Washington Congress revived legislation Wednesday to create a geologic trail that would trace the route of a series of catastrophic Ice Age floods that inundated much of the Pacific Northwest, leaving permanent scars across the region.
Visitors could drive the 600-mile trail stopping at interpretive centers and roadside pullouts with signs and markers to learn about the floods that were unleashed when an ice dam in what's now Montana collapsed, draining a lake the combined size of Lake Erie and Lake Ontario in two days. The trail would cost $8 million to $12 million to create, and the National Park Service would oversee it.
The Senate Energy and Natural Resources Committee approved the measure Wednesday.
"The size and scope of what happened here is hard to fathom," Sen. Maria Cantwell, D-Wash., the prime sponsor of the bill, said of the floods. "This is one of the most unique events in the geologic history of the Earth. We usually see things like this on other planets."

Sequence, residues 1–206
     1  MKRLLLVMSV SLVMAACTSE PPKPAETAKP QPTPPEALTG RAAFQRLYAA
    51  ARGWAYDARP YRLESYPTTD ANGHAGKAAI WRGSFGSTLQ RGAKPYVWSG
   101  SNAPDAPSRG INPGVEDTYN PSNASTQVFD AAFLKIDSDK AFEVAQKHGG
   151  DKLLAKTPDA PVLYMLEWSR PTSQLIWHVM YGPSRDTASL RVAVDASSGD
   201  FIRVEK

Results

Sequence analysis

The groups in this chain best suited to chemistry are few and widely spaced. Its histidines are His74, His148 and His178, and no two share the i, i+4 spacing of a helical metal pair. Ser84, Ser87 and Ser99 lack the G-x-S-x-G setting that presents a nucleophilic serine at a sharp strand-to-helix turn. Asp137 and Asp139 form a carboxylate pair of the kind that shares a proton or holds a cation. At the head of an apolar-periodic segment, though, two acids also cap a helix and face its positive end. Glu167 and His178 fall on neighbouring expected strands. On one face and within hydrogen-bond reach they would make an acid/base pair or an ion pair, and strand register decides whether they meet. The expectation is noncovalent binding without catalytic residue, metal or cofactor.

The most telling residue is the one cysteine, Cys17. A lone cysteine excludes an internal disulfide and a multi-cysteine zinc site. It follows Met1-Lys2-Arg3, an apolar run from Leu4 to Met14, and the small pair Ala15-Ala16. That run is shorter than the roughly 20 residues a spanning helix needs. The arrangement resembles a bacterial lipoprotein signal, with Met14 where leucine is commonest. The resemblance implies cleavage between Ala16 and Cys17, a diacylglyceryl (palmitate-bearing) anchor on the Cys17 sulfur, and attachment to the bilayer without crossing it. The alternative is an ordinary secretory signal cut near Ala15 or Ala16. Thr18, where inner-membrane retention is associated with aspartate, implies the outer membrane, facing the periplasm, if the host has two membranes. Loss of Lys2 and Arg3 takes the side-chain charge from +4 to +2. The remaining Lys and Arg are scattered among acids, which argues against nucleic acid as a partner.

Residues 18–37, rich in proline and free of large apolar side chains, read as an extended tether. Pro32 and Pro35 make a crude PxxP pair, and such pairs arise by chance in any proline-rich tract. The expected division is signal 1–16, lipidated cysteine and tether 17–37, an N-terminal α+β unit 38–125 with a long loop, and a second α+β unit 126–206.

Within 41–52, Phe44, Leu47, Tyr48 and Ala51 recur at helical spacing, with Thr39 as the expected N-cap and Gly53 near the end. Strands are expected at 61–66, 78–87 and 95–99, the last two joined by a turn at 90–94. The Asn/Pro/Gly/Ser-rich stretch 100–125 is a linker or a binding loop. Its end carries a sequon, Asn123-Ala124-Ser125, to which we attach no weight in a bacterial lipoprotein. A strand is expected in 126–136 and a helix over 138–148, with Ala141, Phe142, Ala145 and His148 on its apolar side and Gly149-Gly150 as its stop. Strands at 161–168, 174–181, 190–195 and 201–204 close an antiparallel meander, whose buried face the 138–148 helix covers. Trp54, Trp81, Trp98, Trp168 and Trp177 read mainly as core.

Similar legislation cleared the full Senate last year but died when the session ended before differences with the version that the House passed could be resolved. Cantwell said she expected the measure to pass Congress this year.
The floods 13,000 to 18,000 years ago redistributed more than 50 cubic miles of earth and rock, leaving in their wake coulees, buttes, boulder fields, lakes, ridges and gravel bars that remain today. The floods provided much of the fertile soil that's found in Oregon's Willamette Valley and left behind the 189-foot Palouse Falls in eastern Washington along with Dry Falls, which has a rim 10 times that of Niagara Falls.